Should You Lease or Loan Equipment?
If you work in an industry that relies heavily on specialized, expensive equipment, then you’ve likely encountered the issue of equipment financing. When is it better to lease equipment versus taking out loans or owning it outright?
For example, in the hospital industry, hospitals are constantly weighing the risk factors of getting new equipment. Depending on set budgets, cash flow, and other factors, some of these outright equipment purchases just aren’t even possible.
This is where flexible equipment financing comes in. Multiple financing options are available to give companies immediate access to new, helpful equipment.
What Type of Equipment Should Be Considered For Financing?
Before we get into financing options, it’s important to define the type of equipment that this financing applies to. Equipment used by companies to produce products and services is commonly known as capital equipment. Usually, this type of equipment costs $5k or more and lasts for more than one year. Some other checks to run by your equipment to make sure it fits the bill for equipment financing include:
- It has a long lifespan and is not disposable.
- Costs more than $5,000 when factoring in shipping costs, installation costs, and taxes.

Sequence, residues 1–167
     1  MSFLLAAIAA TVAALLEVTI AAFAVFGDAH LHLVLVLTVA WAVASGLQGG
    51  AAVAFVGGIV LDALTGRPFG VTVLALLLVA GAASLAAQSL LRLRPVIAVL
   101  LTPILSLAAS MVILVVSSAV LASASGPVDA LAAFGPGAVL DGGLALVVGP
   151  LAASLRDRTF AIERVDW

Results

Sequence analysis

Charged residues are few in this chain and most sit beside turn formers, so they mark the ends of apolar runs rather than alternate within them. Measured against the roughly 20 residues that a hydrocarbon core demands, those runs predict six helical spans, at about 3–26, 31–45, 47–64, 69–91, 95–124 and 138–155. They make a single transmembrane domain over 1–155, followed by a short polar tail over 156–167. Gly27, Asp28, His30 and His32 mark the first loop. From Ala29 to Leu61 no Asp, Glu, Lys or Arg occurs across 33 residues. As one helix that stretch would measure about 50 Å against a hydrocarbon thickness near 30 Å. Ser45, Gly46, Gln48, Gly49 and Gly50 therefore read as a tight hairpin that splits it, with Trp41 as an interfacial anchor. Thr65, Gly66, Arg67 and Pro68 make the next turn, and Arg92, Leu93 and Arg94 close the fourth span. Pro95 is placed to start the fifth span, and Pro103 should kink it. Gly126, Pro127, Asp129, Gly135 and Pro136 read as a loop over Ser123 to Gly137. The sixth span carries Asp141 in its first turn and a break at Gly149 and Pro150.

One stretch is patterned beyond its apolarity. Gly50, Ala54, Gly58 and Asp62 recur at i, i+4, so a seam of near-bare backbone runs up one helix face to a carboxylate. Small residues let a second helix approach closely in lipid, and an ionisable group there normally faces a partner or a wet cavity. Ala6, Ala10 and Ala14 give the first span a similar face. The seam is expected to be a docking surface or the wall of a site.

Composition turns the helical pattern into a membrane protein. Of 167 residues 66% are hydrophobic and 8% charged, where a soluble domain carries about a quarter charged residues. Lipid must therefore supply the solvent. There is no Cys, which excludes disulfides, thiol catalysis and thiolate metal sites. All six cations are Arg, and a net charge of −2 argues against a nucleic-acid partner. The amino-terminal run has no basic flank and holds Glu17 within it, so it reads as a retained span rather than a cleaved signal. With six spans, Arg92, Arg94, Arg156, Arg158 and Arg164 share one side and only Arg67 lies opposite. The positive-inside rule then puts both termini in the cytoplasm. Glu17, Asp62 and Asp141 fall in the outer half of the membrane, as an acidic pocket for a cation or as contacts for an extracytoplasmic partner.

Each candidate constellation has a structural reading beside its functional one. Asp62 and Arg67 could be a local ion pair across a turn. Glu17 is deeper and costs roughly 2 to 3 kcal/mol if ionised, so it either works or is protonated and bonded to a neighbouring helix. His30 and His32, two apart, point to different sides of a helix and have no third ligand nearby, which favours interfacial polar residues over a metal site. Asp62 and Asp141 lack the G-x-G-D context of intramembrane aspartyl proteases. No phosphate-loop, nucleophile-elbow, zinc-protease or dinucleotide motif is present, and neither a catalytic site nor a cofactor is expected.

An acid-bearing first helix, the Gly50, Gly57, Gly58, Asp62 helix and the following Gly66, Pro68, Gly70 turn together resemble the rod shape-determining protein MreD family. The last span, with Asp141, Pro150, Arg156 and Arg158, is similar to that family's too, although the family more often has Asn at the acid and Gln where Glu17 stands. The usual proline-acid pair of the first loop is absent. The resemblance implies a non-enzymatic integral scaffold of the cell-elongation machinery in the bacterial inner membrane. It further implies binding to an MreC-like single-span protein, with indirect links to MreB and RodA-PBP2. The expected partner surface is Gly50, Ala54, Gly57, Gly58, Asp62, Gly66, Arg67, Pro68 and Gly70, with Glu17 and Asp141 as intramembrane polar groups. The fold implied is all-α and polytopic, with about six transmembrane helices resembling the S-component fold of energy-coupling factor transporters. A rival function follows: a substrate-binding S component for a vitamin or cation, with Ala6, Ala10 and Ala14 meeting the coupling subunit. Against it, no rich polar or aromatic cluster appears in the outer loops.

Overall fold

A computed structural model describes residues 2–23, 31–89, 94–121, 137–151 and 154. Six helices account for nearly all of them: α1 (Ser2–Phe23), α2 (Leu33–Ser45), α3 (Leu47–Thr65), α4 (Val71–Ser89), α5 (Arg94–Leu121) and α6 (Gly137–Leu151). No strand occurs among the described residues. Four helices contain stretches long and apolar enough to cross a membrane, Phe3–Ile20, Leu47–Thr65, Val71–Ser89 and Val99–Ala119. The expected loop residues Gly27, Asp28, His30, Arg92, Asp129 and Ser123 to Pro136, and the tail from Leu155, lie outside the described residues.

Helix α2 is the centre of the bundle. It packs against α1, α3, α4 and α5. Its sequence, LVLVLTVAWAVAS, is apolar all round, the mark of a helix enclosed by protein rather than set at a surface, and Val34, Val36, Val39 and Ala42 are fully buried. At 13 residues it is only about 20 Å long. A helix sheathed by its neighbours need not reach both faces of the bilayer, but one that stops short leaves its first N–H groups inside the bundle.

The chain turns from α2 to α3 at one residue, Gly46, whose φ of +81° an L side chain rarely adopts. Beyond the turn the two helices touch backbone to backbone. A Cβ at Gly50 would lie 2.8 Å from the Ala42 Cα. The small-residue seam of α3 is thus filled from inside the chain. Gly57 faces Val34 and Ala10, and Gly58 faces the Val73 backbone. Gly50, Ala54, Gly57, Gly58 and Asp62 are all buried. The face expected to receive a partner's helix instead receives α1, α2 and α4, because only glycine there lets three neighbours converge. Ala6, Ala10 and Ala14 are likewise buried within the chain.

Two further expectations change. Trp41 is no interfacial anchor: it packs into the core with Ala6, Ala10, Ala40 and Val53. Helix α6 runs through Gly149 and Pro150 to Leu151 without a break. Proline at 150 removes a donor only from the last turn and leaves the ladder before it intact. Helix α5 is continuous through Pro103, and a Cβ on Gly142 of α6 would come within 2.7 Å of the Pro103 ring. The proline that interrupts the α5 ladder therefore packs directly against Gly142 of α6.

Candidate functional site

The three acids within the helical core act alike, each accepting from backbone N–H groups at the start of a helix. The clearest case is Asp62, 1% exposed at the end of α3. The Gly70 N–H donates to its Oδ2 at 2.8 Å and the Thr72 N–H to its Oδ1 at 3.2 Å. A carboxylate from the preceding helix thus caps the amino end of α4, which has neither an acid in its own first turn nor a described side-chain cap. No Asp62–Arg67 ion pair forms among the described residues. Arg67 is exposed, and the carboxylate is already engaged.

- Is not a smaller piece of a larger equipment setup. It stands on its own.
- Has a value that can be appraised. Considered an asset/personal property.
In some instances, even software can be considered a capital equipment cost. As long as it costs more than $5k, it can be included in this list.
Should You Lease or Loan?
When it doesn’t make sense to purchase something outright, your next best options are to either lease or loan the equipment. Sometimes, even if you have the cash, it still makes more financial sense to lease or loan.
When it comes to loaning, there are many options available. You can find lots of lenders and banks that have a multitude of lending options to choose from. You can pick between terms and processing is typically pretty fast. Your down payment on the loans is usually pretty low and payments tend to be affordable and spread out over the life of the equipment. The major benefit to a loan is that once the loan is paid off, as long as the unit outperforms its life cycle, you then own it and can operate it for longer.
Leasing is nearly the same as renting the equipment. The fees are typically lower than loans, but you don’t ever own the equipment outright. As far as which one you choose, it depends on your own business’s cash flow and financial goals.